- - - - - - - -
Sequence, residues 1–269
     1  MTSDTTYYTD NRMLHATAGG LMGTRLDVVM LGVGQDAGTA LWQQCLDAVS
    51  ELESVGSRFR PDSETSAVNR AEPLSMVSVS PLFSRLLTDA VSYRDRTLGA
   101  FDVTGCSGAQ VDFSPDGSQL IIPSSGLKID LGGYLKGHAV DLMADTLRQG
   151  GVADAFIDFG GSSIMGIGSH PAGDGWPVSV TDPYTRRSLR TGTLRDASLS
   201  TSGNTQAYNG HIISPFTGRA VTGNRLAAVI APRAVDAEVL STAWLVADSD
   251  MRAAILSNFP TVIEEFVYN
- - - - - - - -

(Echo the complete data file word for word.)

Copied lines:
Sequence, residues 1–269
     1  MTSDTTYYTD NRMLHATAGG LMGTRLDVVM LGVGQDAGTA LWQQCLDAVS
    51  ELESVGSRFR PDSETSAVNR AEPLSMVSVS PLFSRLLTDA VSYRDRTLGA
   101  FDVTGCSGAQ VDFSPDGSQL IIPSSGLKID LGGYLKGHAV DLMADTLRQG
   151  GVADAFIDFG GSSIMGIGSH PAGDGWPVSV TDPYTRRSLR TGTLRDASLS
   201  TSGNTQAYNG HIISPFTGRA VTGNRLAAVI APRAVDAEVL STAWLVADSD
   251  MRAAILSNFP TVIEEFVYN